Contrary

Massachusetts

In 2006, the state of Massachusetts passed a sweeping overhaul of the state’s health-care system. The system, which influenced the Obama administration’s plans for national reform, has since faced unexpected and unchecked growth in costs, both to the government and individuals, forcing the government to cut benefits and raise taxes.

Now analysts say that without significant policy changes, the program’s long-term viability is in doubt. State officials have successfully increased health insurance coverage in the state: With only 2.6 percent of the population now lacking health insurance, its insurance rate is the highest in the nation.

But high coverage levels have been achieved at a substantial price, and one that is expected to increase over time. For the state’s policymakers, rapidly rising health-care costs are the central problem with the plan.

Since 2006, the cost of the state’s insurance program has increased by 42 percent, or almost $600 million. According to an analysis by the Rand Corporation, “in the absence of policy change, health care spending in Massachusetts is projected to nearly double to $123 billion in 2020, increasing 8 percent faster than the state’s gross domestic product (GDP).”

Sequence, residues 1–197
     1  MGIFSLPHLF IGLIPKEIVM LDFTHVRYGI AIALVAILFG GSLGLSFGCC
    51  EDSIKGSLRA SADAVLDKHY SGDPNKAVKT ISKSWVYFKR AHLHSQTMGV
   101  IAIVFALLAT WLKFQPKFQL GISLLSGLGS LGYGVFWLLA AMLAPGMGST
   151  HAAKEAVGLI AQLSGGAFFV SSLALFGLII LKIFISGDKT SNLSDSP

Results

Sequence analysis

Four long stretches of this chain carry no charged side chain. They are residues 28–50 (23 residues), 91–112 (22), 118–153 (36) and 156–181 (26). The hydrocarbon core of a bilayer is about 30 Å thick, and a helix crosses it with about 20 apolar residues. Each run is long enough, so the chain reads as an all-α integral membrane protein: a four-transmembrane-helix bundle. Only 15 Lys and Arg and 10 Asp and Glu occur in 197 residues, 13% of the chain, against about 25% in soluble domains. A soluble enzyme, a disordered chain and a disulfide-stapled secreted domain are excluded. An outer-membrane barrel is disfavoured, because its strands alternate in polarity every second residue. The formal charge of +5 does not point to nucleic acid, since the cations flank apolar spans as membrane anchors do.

Meanwhile, the cost of insurance premiums in the state is the highest in the nation, and double-digit rate hikes are expected again in 2010. The worry, shared across the political spectrum, is that the state’s health-care spending will overwhelm the state’s budget. Already, it has forced service cuts that have irked those on both sides of the aisle.

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March 2, 2010 - Posted by | Uncategorized

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